How to charge an electric vehicle

Close up image of an electric car plugged in

Charging is easy, and there are many options

Charging is simple – you plug in your car and go. Most drivers charge their vehicles at home or at work, but public charging stations are also available. In fact, the network of charging stations is growing.

Costs vary, from free for many public Level 2 chargers, to 35 cents per kWh at one of the BC Hydro-installed DC fast chargers around B.C.

One thing: If you're using a public Level 2 charger, practise good EV etiquette and move your car once it's charged. Don't be the driver who uses it as a free overnight parking spot long after the car is charged.

Level 1, 120 V

  • About 80% of vehicle charging happens at home, and often with Level 1 chargers. While it can take 8 to 16 hours to charge a vehicle from zero to a full charge, most charging is for smaller amounts and "top-ups".  An overnight 8-hour charge is enough to power a battery electric vehicle for 40 km.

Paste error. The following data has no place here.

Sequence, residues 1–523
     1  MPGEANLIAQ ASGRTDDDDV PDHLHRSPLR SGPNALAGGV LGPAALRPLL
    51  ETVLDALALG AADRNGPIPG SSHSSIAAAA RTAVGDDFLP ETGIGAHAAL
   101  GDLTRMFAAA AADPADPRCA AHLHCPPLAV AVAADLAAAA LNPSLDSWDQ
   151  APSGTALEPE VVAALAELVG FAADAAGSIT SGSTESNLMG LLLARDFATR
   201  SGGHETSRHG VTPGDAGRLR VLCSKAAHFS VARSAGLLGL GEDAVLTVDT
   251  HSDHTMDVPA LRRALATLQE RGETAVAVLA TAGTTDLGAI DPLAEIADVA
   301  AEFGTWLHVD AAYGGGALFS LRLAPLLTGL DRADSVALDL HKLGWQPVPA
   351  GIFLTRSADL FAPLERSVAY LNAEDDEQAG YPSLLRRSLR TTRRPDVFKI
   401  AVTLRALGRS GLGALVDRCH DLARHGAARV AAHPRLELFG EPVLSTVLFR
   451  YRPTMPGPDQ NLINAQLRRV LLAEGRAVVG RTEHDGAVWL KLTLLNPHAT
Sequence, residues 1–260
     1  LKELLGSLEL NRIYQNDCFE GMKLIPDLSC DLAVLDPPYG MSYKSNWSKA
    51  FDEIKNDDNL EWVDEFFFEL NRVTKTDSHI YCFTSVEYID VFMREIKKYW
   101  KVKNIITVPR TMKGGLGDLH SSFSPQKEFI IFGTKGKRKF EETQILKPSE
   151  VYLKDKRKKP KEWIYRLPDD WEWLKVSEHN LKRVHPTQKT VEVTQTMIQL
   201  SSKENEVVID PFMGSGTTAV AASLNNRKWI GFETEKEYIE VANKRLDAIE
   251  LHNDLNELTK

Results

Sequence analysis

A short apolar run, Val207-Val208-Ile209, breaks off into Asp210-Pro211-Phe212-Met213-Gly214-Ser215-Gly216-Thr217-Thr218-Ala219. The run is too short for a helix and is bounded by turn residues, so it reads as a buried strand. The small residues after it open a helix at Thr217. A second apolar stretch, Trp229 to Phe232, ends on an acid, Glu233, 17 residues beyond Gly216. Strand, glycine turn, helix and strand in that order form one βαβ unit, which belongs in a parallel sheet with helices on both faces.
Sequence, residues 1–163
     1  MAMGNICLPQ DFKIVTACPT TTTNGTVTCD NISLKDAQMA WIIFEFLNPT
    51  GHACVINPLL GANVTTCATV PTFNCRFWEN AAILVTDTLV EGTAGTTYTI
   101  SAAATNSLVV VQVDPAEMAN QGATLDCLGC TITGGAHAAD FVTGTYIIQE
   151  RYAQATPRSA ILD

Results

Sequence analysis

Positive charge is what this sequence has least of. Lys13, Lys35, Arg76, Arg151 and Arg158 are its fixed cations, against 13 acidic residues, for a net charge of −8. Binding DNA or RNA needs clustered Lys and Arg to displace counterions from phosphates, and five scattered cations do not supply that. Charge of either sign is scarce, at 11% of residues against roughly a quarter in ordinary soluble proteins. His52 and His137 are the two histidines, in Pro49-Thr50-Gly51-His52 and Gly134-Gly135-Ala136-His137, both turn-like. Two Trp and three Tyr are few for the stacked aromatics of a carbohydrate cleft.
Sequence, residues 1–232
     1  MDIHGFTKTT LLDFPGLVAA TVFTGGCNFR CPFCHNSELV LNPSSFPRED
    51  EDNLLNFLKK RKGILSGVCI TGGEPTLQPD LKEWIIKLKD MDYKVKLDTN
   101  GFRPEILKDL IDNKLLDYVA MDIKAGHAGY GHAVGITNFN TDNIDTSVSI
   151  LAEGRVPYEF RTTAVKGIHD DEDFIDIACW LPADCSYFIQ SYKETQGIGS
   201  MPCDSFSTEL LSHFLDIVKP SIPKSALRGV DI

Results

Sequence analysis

• Simply requires a standard 120-volt outlet – on a dedicated circuit with no other loads – found at homes and businesses
  • Costs charged to your BC Hydro bill at regular residential rates

Level 2, 240 V

  • A 1.2-hour to 2.4-hour charge is enough to power a battery electric vehicle for 40 km. On those rare occasions when you need to charge a fully depleted battery to full, it generally takes four to six hours.
  • Can be installed outside your home or in your garage, but are increasingly common at businesses
  • Most public stations don't charge fees for charging, but many require drivers to join a service network

DC fast charger, 480 V

  • Charging time from a depleted to full battery is 30 minutes or less
  • 30 B.C. stations so far, plus 8 Tesla Superchargers
  • BC Hydro-installed stations set up for payment charge 35 cents per kWh; Tesla Superchargers free for Tesla drivers

Did you know?

It costs just over $2 to charge a Nissan Leaf, at your home, with enough power to take it 100 km.